Sunday, February 14 , 2016, 12:12 am | Fair 63º

Neighbors Cry Foul Over New Dario Pini Rental Plans on Westside

With lawsuit pending, controversial Santa Barbara landlord runs into local opposition in bid to build second two-story residence where one currently exists

Some of the neighbors opposing controversial Santa Barbara landlord Dario Pini’s proposed project at 1911 Chino St. are, from left, Evelyn Lee, Ralph Romero, Patrick Burns, Ryan Romero and Richard Berrett.
Some of the neighbors opposing controversial Santa Barbara landlord Dario Pini’s proposed project at 1911 Chino St. are, from left, Evelyn Lee, Ralph Romero, Patrick Burns, Ryan Romero and Richard Berrett.  (Lara Cooper / Noozhawk photo)

By Lara Cooper, Noozhawk Staff Writer | @laraanncooper |

A Santa Barbara landlord who recently was sued by the city over the condition of his properties has his sights set on developing more rental units in a Westside neighborhood. Prospective neighbors are pushing back, however, and are taking their cause to city officials.

Dario Pini recently submitted an application to the city to build a two-story, five-bedroom residence at 1911 Chino St., directly behind a single-family home that he already rents out.

Neighbors say the front house has four bedrooms, but that seven people currently live there. Following that pattern, they say the proposed structure at the rear of the property is likely to become a “boarding house” that could house 10 people, or more.

The city’s Architectural Board of Review got a glimpse of the project on Jan. 7 and will be looking at a revised proposal at its Tuesday night meeting.

If the board approves the project, neighbors have vowed to appeal the decision to the city council.

The project is the first to be submitted by Pini since the city filed a civil suit against him in December, alleging that his properties were poorly managed, filled with code violations and packed with too many residents. The suit threatened to put the properties into receivership until the violations are fixed.

When Architectural Board of Review members took a look at Pini’s new project, they heard from a half-dozen neighbors with concerns about his plans, and his track record.

Board member Gary Mosul observed that although the building plans followed the city’s rules exactly, a problem still remained.

“Clearly this is a boarding house,” he said, lamenting that the ABR is only charged with considering the aesthetics of projects.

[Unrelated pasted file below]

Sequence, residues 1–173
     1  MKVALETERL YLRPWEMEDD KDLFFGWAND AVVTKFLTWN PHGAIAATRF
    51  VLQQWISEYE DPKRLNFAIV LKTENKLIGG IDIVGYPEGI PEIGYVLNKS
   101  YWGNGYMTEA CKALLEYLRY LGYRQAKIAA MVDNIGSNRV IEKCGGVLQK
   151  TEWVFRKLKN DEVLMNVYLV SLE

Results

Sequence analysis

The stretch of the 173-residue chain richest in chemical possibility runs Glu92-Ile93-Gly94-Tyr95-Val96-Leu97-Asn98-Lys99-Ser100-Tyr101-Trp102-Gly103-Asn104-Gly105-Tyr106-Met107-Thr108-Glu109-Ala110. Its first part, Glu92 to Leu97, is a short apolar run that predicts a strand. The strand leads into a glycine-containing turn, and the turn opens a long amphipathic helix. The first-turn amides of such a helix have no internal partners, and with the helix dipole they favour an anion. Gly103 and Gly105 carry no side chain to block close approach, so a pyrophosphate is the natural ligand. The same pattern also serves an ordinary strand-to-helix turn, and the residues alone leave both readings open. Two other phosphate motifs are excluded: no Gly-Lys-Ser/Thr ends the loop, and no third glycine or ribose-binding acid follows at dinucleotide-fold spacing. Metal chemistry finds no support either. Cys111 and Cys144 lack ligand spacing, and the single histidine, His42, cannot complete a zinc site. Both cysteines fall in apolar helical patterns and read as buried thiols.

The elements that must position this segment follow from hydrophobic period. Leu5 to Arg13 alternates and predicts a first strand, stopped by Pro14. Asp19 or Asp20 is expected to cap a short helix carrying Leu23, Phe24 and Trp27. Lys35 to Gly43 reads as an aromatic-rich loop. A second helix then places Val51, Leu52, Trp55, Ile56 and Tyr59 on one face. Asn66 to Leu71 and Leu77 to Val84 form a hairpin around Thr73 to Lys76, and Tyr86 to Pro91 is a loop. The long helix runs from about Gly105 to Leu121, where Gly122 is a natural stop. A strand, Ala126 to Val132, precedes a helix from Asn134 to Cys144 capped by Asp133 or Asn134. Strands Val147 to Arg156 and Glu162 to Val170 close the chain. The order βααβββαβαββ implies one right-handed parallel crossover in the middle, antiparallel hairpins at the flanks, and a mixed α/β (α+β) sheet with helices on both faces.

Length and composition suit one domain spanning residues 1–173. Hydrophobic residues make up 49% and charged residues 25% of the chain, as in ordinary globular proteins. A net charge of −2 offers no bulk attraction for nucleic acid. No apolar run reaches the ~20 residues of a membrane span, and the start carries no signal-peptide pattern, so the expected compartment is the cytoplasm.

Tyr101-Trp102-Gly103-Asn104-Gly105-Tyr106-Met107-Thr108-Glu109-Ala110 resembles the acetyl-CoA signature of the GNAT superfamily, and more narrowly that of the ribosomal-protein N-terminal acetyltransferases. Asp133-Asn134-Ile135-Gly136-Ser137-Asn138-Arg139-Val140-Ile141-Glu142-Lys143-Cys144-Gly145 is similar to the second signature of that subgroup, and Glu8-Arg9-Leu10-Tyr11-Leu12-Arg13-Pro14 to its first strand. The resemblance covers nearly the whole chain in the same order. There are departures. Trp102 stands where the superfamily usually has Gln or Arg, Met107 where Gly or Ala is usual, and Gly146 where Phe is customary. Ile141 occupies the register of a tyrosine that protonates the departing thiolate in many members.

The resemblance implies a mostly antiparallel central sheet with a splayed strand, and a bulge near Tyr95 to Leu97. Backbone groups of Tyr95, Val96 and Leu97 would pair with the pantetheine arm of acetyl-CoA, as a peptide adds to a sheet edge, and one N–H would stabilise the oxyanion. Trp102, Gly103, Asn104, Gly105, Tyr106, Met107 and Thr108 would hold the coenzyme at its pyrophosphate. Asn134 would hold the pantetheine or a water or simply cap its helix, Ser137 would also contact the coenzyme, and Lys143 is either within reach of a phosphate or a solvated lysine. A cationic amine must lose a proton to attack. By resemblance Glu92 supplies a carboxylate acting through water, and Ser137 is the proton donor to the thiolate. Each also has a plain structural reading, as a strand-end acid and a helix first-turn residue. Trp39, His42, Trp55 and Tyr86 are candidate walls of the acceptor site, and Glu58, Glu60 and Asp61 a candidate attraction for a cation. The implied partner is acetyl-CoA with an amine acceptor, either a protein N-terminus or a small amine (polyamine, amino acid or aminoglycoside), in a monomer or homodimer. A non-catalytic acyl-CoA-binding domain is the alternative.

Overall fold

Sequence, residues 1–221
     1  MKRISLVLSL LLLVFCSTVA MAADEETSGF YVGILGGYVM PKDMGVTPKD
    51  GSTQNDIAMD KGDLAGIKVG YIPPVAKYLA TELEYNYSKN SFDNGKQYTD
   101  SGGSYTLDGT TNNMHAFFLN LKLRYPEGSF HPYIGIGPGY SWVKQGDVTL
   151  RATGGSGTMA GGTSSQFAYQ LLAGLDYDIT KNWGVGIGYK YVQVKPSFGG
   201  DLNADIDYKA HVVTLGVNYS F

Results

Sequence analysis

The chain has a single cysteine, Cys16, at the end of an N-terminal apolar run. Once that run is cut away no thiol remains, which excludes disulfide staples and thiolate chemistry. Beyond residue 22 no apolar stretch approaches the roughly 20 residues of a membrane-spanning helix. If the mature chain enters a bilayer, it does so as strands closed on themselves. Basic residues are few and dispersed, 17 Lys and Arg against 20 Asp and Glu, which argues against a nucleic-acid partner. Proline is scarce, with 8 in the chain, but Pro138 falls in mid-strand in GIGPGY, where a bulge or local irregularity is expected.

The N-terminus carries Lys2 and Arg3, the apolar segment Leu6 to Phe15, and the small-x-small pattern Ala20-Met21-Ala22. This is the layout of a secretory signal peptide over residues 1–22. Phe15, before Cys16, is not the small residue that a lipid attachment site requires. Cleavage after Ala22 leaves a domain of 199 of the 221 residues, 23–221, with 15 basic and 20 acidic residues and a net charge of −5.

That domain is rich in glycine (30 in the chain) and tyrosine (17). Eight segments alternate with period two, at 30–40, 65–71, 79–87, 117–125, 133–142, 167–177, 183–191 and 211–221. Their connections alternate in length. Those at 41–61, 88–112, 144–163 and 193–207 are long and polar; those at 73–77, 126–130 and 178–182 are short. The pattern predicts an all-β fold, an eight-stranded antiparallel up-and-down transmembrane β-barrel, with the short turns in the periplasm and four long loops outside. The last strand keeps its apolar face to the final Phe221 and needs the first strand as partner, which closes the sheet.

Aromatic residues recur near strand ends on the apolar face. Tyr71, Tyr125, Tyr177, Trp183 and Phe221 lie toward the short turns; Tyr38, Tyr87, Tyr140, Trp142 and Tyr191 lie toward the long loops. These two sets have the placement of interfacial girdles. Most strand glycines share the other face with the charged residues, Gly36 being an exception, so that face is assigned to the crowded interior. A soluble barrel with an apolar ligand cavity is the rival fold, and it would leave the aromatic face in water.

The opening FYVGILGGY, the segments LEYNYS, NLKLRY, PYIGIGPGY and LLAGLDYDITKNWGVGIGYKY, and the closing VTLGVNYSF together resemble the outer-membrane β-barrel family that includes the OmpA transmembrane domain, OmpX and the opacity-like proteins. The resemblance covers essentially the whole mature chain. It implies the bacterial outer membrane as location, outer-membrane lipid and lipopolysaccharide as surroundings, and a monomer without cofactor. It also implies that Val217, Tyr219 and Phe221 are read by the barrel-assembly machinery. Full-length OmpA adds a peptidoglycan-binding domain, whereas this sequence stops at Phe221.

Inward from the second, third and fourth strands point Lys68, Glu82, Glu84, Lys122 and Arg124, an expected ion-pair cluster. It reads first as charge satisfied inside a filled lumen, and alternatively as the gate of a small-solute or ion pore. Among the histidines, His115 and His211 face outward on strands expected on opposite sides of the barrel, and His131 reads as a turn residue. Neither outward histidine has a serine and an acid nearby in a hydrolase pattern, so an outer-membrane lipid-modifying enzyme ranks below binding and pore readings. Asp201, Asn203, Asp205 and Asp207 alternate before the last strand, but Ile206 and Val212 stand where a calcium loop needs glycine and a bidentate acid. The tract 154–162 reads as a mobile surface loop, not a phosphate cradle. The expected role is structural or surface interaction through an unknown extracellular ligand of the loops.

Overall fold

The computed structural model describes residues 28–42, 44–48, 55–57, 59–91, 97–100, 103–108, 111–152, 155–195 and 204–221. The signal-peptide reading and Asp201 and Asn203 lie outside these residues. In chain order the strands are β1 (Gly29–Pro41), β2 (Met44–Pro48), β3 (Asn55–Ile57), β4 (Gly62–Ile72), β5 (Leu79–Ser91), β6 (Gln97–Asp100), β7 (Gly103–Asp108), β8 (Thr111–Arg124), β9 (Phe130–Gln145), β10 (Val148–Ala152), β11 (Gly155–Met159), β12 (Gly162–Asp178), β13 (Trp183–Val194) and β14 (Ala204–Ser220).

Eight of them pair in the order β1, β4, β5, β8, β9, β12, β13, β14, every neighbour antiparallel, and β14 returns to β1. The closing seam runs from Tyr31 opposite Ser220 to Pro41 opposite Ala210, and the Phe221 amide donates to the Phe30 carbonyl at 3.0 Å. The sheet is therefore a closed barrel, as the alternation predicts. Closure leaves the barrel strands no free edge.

“We all see it and we can’t do anything about it,” he said, encouraging the neighbors to appeal to the city council. “I think this is horrible for your neighborhood.

“We also know that (Dario Pini) does this in town,” he said.

The controversy swirling around Pini was on the minds of neighbors who gathered Friday to look over revised plans from his architect. Five of the neighbors adjacent to the Chino Street property met in Evelyn Lee’s dining room, with the new plans spread out across the table.

The issues are twofold, according to neighbor Patrick Burns.

There are the concerns about the project itself, that the two-story structure will tower above neighbors’ fences and have windows that peer into their homes, that it will block mountain views, and that it will add to parking congestion on the street.

But Burns said a deeper issue is Pini’s alleged history of overcrowding in the existing house, and at other properties.

“There’s no message that he’s not going to do this again,” Lee added.

Richard Berrett, who lives next door, said Pini’s project isn’t compatible with the neighborhood, while neighbors Ryan and Ralph Romero say the two-story residence would look directly into a bedroom in their home.

But Gil Barry, Pini’s architect for the project, said he has “bent over backward” to address all of the neighbors’ concerns, even giving them two weeks to go over the plans. He said he eliminated three bedrooms after hearing the concern over the number of tenants, and he’s worked to preserve the views.

In his 35 years as an architect, “I have never made this many accomodations,” he said. “It took all the profit out of the project.

“Some of the neighbors made ridiculous comments like they thought it was a dorm for students,” he said, adding that state law prohibits landlords from discriminating between four Santa Barbara City College students or a family of four.

“The neighbors’ concerns had nothing to do with architecture,” he said. “It had to do with social concerns.”

Barry said Pini had rented the front house to four people, who he said must have allowed three others to move in without the landlord’s knowledge.

“Is that his fault that they squeezed in extra people?” he asked. “He gets blamed for things that the people do.”

Barry pointed out that the project is consistent with the lot’s zoning, and fits in with the city’s goal to build more rental housing in the downtown area.

“We’re providing housing, which is a needed thing, and we’re following all the rules,” he said. “I was shocked that there would be this opposition.”

City Planner Betty Weiss said the city has an interest in seeing Pini’s properties improved.

She confirmed for Noozhawk that the front house on the Chino Street property has been under enforcement from the building and safety division, but she said she couldn’t elaborate further.